Brown v. State (1962)
In Brown v. State, 372 P.2d 785 (Alaska 1962) the supreme court held that a defendant was prejudiced when he was excluded from a hearing to determine whether his wife would waive her spousal immunity and testify at his trial.
Brown was charged with assault and illegal possession of a concealable weapon. Brown's wife, Stella, was purportedly a witness to the alleged crimes, and Brown's attorney was trying to persuade Stella to testify on Brown's behalf.
At trial, the defense attorney asked the court to hold Stella as a material witness or make her post bail to guarantee her appearance.
The trial judge perceived, however, that Stella had a spousal privilege not to testify at her husband's trial, and it would therefore be improper to hold Stella as a material witness unless she was willing to relinquish that spousal privilege.
The judge therefore held a hearing to determine whether Stella was willing to testify. Both attorneys attended this hearing, but Brown did not.
At the hearing, Stella stated that she would claim her spousal privilege and would not testify. Consequently, Brown withdrew his motion to hold Stella as a material witness.
On appeal, Brown claimed that holding this hearing in his absence violated his rights under Criminal Rule 38.
Brown asserted that he was prejudiced because, if he had been present at the hearing, he would have had a calming influence on his wife and she might have consented to testify on his behalf.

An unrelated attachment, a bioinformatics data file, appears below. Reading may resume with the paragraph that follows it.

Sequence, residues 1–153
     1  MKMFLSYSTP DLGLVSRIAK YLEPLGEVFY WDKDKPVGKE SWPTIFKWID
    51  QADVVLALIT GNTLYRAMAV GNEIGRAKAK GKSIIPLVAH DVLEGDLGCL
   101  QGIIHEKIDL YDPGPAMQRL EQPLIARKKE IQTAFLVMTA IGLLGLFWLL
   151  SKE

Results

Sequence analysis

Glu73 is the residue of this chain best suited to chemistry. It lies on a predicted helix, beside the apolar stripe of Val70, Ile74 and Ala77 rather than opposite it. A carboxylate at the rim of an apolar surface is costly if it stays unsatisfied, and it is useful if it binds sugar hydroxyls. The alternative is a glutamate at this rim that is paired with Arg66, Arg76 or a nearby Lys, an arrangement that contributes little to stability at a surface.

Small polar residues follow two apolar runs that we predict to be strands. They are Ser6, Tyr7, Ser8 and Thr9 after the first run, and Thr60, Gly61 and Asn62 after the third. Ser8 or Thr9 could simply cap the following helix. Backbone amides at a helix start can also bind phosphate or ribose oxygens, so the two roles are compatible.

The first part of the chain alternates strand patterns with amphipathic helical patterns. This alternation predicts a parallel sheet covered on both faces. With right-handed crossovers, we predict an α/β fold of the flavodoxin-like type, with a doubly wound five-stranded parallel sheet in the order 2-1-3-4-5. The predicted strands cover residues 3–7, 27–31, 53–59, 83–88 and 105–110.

The supreme court agreed that Brown's presence at the hearing could have altered his wife's decision. The court concluded:
We believe that under the circumstances of this case, Brown's presence was required by Rule 38 and that his right to be present was as vital to his defense as his specific constitutional right to be confronted with the witnesses against him. Id. at 789.
In Brown, the question was not whether Brown's wife would honor her trial subpoena or whether the court should take steps to insure that the subpoena would be honored. Rather, the question was whether Stella Brown could be ordered to testify at all. Mrs. Brown held a privilege to refuse to testify at her husband's trial, and the question was whether she would waive that privilege and consent to testify on Brown's behalf.
The supreme court reversed Brown's conviction because the court was convinced that Brown's presence could have made a difference in his wife's decision to waive or assert the privilege.